Metabolic syndrome and risk of breast cancer mortality by menopause, obesity, and subtype.

Published

Journal Article

PURPOSE: To investigate the association between metabolic syndrome (MetS) and risk of breast cancer mortality by menopausal status, obesity, and subtype. METHODS: Data from 94,555 women free of cancer at baseline in the National Institute of Health-American Association of Retired Persons Diet and Health Study cohort (NIH-AARP) were used to investigate the prospective associations of baseline MetS and components with risk of breast cancer mortality using Cox proportional hazard regression models adjusted for baseline behavioral and demographic covariates. RESULTS: During a mean follow-up duration of 14 years, 607 women in the cohort died of breast cancer. Overall, MetS was associated with a 73% increased risk of breast cancer mortality (HR 1.73; 95% CI 1.09-2.75); the association remained significant among post-menopausal women overall (HR 2.07, 95% CI 1.32, 3.25), and among those with overweight/obesity (HR 1.15, 95% CI 0.81, 1.64). MetS was associated with increased risk of breast cancer mortality for ER+/PR+ (HR 1.28, 95% CI 0.52, 3.16) and lower risk for ER-/PR- (HR 0.44, 95% CI 0.11, 1.75) subtypes; however, the associations were not statistically significant. Of the individual MetS components, high waist circumference (HR 1.32, 95% CI 1.03, 1.70), high cholesterol (HR 1.24, 95% CI 1.05, 1.46), and hypertension (HR 1.24, 95% CI 1.05, 1.46) were independently associated with increased risk of breast cancer mortality. CONCLUSIONS: MetS was associated with increased risk of breast cancer mortality, especially among post-menopausal women. Further studies with larger sample sizes are needed to definitively determine the extent to which these associations vary by breast cancer subtype.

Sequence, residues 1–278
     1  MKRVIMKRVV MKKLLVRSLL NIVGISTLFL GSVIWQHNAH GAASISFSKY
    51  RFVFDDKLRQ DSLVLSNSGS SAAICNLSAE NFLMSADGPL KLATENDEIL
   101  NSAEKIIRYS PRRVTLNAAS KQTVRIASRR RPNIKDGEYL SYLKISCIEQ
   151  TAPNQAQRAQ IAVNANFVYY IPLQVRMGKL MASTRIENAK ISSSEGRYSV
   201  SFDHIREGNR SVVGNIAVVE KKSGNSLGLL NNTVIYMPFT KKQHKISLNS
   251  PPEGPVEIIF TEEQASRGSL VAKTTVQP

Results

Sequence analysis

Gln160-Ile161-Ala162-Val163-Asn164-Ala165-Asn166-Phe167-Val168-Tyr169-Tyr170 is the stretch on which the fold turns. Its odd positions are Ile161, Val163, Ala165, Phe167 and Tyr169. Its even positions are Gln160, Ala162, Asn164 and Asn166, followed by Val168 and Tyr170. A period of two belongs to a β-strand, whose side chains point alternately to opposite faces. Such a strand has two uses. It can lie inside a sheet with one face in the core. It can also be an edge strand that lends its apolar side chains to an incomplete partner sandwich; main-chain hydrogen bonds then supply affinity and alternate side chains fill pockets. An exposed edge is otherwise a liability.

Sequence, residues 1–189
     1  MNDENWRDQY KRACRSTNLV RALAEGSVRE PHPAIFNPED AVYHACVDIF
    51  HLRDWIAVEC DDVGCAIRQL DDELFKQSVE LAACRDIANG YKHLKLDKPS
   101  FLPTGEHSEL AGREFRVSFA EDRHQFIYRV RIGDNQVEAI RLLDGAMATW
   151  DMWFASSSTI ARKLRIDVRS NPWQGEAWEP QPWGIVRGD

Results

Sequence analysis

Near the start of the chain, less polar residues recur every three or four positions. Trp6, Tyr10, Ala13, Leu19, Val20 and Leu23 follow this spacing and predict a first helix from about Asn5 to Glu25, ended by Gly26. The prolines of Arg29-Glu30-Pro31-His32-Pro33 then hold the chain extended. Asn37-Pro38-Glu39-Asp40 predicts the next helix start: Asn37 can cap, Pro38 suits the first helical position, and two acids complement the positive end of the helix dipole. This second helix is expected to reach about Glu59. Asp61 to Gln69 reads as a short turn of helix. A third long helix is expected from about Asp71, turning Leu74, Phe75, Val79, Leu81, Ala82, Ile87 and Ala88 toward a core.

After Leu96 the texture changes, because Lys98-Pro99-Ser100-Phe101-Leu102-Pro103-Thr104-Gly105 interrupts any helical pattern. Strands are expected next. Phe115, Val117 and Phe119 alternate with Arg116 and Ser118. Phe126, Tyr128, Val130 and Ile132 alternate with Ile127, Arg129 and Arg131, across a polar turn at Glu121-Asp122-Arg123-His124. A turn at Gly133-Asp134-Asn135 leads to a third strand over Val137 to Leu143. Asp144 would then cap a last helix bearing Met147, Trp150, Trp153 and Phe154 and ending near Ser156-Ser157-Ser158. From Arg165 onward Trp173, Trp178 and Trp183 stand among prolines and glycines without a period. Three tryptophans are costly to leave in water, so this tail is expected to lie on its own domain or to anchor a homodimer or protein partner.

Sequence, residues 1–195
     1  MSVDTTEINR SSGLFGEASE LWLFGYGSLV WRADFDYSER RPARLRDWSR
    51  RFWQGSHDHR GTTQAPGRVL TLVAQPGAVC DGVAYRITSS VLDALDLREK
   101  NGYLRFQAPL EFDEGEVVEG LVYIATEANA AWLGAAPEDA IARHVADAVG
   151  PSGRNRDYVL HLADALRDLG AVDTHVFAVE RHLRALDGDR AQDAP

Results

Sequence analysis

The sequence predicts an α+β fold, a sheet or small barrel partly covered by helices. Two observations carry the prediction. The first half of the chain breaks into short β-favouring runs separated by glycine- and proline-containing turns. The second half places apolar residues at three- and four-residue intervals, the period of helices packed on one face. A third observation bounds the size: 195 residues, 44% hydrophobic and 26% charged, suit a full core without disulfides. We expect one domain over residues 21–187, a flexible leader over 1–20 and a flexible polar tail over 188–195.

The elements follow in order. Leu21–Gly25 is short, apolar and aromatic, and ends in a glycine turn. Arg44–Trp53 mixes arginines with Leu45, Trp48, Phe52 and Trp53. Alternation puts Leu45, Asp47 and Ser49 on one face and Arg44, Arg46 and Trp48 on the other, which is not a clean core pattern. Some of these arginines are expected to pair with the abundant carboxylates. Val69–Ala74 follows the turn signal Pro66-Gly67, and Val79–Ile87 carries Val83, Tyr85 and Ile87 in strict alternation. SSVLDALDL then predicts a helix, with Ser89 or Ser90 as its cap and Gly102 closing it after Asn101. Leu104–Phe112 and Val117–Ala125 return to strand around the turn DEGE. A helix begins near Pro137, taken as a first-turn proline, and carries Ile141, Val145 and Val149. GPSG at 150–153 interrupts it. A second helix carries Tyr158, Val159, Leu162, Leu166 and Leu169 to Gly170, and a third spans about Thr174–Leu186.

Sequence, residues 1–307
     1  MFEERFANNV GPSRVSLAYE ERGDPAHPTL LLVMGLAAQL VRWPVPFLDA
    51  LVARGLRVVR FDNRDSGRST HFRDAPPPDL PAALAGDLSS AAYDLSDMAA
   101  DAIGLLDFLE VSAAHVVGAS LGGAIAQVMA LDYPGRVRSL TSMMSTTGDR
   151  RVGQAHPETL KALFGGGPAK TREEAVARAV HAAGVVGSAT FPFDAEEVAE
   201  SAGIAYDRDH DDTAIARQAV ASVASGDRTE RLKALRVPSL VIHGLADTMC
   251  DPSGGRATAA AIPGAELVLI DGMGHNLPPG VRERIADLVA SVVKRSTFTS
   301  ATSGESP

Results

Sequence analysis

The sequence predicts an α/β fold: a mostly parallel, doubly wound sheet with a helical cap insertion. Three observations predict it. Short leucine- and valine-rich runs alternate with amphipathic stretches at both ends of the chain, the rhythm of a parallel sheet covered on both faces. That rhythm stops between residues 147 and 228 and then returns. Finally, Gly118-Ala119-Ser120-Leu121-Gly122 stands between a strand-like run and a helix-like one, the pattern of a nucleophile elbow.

Full Text

Duke Authors

Cited Authors

  • Dibaba, DT; Ogunsina, K; Braithwaite, D; Akinyemiju, T

Published Date

  • February 2019

Published In

Volume / Issue

  • 174 / 1

Start / End Page

  • 209 - 218

PubMed ID

  • 30465158

Pubmed Central ID

  • 30465158

Electronic International Standard Serial Number (EISSN)

  • 1573-7217

Digital Object Identifier (DOI)

  • 10.1007/s10549-018-5056-8

Language

  • eng

Conference Location

  • Netherlands